The Nassau Guardian April 15, 2020
Seven hundred and twelve people were in quarantine yesterday, a more than 200-person increase over the 492 who were in quarantine the day before as health officials monitor them for possible exposure to COVID-19.
According to Deputy Chief Medical Officer Dr. Delon Brennen, 709 of these people were self-quarantining at home and three were in quarantine facilities.
Brennen said the sharp increase is a result of the influx of contacts of new cases identified over the weekend, as well as contacts of older cases who were only recently identified.
“The more the cases have an opportunity to evaluate where they may have socialized, the people they may have come into contact [with] via work, their family members, their lists get extended,” Brennen said.
“So prior cases, from before the long holiday weekend, let us know about more of their contacts along with the new cases that we’ve had over the course of the weekend. They gave us their contacts as well.
“Now that we have some people who are finishing up their quarantine period based on previous cases, that number will likely decrease going into the middle of this week and the remainder of this week as well.”
Brennen said not everyone who is in quarantine will be tested.
“As we acquire additional supplies, then we can modify our testing strategy in order to test more of the contacts and additional health care workers and [the] like.
“So, it is likely that some of them will fall into that category, but not all of them will because even with that having more testing supplies, we will still have to make sure that we’re testing according to our algorithm. So, we’re not just going to test people at random. We’re going to make sure that people still fit within our testing criteria.”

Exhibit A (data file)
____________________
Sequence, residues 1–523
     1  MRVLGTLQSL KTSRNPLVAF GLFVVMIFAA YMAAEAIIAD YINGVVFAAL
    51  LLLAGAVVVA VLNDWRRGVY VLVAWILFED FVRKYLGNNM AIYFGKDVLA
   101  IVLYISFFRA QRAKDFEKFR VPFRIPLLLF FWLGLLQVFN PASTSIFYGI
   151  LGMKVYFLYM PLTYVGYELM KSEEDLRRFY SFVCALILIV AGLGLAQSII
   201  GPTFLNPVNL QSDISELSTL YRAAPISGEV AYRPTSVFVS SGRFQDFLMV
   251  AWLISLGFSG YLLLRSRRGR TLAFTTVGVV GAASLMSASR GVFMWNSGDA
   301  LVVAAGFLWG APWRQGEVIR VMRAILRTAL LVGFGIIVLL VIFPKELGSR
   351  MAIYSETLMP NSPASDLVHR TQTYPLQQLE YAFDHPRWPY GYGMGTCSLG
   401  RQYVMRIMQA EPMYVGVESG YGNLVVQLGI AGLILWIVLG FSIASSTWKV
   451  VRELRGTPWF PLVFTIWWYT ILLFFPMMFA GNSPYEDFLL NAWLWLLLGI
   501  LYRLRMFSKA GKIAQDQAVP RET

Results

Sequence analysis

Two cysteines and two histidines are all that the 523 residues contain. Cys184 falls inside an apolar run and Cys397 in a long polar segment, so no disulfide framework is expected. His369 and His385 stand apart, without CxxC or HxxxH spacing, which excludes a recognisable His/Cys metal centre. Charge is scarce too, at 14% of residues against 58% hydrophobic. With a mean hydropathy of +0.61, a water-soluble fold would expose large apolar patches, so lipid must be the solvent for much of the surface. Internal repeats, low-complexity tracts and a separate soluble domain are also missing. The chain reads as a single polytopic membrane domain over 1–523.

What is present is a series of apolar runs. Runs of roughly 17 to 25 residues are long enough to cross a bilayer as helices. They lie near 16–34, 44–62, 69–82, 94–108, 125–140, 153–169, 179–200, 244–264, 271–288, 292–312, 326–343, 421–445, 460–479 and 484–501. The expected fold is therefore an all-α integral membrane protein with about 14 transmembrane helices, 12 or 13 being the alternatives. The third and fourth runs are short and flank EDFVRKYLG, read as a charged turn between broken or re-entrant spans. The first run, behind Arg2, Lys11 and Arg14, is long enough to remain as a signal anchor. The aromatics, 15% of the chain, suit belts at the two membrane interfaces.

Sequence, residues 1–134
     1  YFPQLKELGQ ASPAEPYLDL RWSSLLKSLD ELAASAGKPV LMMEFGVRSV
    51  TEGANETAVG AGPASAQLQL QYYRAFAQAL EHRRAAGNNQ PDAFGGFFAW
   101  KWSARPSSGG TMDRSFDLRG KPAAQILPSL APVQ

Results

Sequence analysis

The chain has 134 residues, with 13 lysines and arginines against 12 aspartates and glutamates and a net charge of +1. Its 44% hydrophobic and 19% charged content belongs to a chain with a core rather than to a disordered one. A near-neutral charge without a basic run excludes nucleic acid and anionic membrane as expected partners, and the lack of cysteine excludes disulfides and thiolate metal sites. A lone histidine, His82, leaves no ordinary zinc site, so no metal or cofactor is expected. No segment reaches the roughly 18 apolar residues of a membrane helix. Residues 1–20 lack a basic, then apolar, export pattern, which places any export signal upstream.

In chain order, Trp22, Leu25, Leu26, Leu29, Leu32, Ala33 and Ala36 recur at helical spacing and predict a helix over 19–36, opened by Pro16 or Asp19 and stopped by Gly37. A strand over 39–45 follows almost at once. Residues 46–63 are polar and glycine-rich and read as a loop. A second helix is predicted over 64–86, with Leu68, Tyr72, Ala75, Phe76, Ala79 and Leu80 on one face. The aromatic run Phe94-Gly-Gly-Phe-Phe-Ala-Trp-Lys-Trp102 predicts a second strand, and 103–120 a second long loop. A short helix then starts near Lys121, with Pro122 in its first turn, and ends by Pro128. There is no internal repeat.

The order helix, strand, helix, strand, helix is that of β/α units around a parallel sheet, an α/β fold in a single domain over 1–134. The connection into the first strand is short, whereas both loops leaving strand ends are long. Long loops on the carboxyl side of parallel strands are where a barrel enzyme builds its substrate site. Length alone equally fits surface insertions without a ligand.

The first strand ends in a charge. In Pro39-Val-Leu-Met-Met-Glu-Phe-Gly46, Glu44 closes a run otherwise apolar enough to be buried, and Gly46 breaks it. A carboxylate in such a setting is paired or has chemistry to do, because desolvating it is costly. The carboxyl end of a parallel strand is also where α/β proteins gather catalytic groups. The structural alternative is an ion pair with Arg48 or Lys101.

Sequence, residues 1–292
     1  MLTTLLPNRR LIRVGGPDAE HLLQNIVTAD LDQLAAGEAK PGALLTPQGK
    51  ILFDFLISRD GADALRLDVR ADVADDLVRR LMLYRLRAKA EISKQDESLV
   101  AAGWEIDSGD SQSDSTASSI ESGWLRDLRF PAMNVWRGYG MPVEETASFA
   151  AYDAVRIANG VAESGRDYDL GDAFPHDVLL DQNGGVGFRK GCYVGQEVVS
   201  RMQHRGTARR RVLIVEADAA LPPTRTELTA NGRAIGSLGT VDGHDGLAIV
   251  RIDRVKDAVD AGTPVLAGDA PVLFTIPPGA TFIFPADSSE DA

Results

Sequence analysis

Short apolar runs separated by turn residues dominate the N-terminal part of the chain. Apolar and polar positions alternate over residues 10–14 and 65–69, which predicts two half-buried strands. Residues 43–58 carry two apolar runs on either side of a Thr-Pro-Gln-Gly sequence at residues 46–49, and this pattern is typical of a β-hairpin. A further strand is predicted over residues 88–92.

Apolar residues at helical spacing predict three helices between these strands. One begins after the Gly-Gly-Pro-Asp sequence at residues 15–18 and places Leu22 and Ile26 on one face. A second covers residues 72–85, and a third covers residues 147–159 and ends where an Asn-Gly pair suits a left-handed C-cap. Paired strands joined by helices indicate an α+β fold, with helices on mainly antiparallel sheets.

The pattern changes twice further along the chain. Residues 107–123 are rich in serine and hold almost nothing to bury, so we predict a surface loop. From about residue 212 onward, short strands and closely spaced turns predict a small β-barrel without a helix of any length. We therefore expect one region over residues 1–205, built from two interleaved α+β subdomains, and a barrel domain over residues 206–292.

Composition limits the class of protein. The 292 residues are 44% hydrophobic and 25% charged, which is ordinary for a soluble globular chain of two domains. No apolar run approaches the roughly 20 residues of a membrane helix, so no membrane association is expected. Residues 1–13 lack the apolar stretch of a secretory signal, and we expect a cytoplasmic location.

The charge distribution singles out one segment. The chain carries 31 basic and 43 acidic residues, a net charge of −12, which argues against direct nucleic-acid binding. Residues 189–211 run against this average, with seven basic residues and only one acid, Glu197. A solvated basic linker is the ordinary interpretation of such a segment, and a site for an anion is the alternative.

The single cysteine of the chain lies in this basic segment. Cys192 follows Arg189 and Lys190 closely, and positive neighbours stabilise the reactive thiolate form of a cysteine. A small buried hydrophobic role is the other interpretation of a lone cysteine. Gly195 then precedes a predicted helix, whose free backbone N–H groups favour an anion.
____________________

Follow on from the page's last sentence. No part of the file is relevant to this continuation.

Brennen said the testing criteria vary depending on if the person is a health care worker or a non-health care worker.
He said that contacts in both groups are asked to quarantine and are tested if they display symptoms of COVID-19 during the quarantine period.
However, he said all health care workers are tested before going back into clinical care, whether or not they developed symptoms.
Brennen said they use multiple avenues to ensure that people who were told to self-quarantine are doing that.
“We do calls, spot checks,” he said.
“And then if we’re not able to reach them via phone or spot check, then we have the ability, using the Quarantine Act, to ask the uniformed branches, whether that’s the Royal Bahamas Police Force or Royal Bahamas Defence Force, to assist us with being able to locate persons.”
Asked whether it has ever been necessary to contact law enforcement agencies, Brennen said there have been “rare occasions” when it’s come to that.
In a national address on Monday night, Prime Minister Dr. Hubert Minnis said the Ministry of Health will expand its COVID-19 testing this week.
He predicted this will lead to an increase in the number of cases in The Bahamas and, therefore, a decrease in the case fatality rate.
Minister of Health Dr. Duane Sands said yesterday that approximately 600 people have been tested for COVID-19 so far.
Sands said health officials expect to test a few hundred more people by the end of this week.
As of yesterday, there were 49 confirmed cases of COVID-19 in The Bahamas. Eight people have died of the disease.